Given that there are only a certain number of hours in the school day, which would you expect a high school student to be doing with their valuable class time?
- Reading a book, discussing it in class, and writing an essay on some aspect of it
- Locating the topic sentence in an essay provided in a Study Skills workbook
You’d be surprised how often the answer is 2. Locating topic sentences? In high school? Isn’t that more appropriate in an elementary school classroom? Welcome to the modern world of “Study Skills” (sometimes referred to as “Academic Skills”, “Learning Skills”, or some combination of all three).
What’s driving this desire to teach Study Skills? Three words: testing, testing, and testing. Given the number of high school students who now reach 9th grade lacking the reading, writing, math, and science knowledge the elementary and middle school years were supposed to impart, the expedient that has been arrived at to make them more “test-able” is teaching Study Skills. It is hoped this will allow these unprepared students to squeak through the 11th grade standardized testing cycle and save the school from the consequences of failing to meet the benchmarks for student achievement spelled out in the No Child Left Behind law.
Why not, you may ask, spend those three years of class time focusing on intensive course content in Language Arts, Math, Science, and other core academic work that will allow the student to catch up? It is a good question. Perhaps those who design these high school Study Skills courses are simply being grimly realistic about the chances of a low achieving freshmen being able to catch up enough on content to meet the test standard, maybe there are just not enough outstanding teachers available who have the ability to work with these students, and maybe it’s a combination of both. It certainly seems to be the case that, if I may coin “Wilk’s First Law Of Class Schedules”, the likelihood of a high school student’s class day featuring Study Skills is directly related to the degree to which that student is lacking in the content knowledge necessary to pass the 11th grade standardized tests. Would it be better to hand students who are taking Study Skills a stack of books, place them in the room with a team of no-nonsense teachers, and not let them out until they learn the material? Yes, of course it would.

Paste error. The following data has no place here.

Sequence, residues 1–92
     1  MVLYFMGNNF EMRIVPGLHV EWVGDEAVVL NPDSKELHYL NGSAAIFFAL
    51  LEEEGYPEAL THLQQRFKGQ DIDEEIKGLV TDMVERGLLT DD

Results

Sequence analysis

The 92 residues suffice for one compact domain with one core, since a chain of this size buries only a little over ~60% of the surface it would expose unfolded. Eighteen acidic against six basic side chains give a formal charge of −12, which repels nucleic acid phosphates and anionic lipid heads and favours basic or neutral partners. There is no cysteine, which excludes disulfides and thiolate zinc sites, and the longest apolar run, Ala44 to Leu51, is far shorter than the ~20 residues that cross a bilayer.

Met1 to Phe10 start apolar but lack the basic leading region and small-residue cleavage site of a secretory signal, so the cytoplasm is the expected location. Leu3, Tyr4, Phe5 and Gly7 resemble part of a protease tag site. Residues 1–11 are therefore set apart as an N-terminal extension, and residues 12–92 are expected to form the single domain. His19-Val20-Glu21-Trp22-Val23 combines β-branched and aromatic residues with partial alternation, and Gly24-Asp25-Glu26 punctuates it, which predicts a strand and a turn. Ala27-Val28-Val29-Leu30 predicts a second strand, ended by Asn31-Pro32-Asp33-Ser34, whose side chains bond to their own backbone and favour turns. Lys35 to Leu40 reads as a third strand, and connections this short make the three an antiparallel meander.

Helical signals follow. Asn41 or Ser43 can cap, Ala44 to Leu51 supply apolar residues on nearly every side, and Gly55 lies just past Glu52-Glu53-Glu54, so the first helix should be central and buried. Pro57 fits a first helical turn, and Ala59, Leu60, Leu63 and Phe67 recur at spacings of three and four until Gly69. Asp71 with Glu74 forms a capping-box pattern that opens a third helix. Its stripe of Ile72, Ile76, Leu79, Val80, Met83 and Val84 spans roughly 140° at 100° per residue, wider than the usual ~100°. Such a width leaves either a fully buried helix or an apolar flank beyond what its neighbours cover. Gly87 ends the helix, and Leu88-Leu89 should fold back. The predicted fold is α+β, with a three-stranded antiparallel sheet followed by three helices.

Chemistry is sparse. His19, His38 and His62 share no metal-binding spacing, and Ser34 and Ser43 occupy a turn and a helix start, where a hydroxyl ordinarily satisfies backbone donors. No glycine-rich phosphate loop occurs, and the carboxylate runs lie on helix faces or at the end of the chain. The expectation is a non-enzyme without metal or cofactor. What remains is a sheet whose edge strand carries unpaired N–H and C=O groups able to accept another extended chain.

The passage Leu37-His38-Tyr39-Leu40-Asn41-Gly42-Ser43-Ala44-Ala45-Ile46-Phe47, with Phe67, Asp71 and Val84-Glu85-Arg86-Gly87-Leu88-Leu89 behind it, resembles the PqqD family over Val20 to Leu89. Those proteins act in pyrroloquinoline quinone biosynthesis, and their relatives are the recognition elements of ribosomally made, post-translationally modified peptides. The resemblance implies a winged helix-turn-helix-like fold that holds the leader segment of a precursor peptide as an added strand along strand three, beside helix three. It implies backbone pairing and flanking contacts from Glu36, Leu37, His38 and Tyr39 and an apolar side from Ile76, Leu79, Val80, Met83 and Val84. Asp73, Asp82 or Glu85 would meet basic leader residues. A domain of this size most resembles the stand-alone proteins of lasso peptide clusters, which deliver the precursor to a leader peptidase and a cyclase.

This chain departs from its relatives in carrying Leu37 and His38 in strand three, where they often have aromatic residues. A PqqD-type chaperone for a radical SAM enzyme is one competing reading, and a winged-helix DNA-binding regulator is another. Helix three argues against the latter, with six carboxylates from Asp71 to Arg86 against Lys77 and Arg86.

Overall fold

However, is this solution possible in our current educational environment?
To answer this question we have to return to the basic issue of how a student reaches 9th grade working at a 2nd or 3rd grade level. I believe the answer is to be found in the awful choices elementary and middle school teachers are faced with when a student clearly has failed to master the content material in that grade level: Is it worse to “pencil whip” an unprepared student through to the next grade or stigmatize that student by insisting the grade be repeated?
Add to this the intense pressures school administrators now put on teachers by insisting failing grades are actually the fault of the teacher, a real problem if that teacher hopes to receive tenure and/or be given a “good” assignment the next school year, and you can see where this is heading. Low expectations turns into no expectations, and students learn there is not any real consequence for failing to learn the material.
Understanding this to be the case, if you put low-achieving students in a room with a dedicated teacher and insist they learn, does it have any chance of working?
By the way, can you locate the topic sentence in this commentary?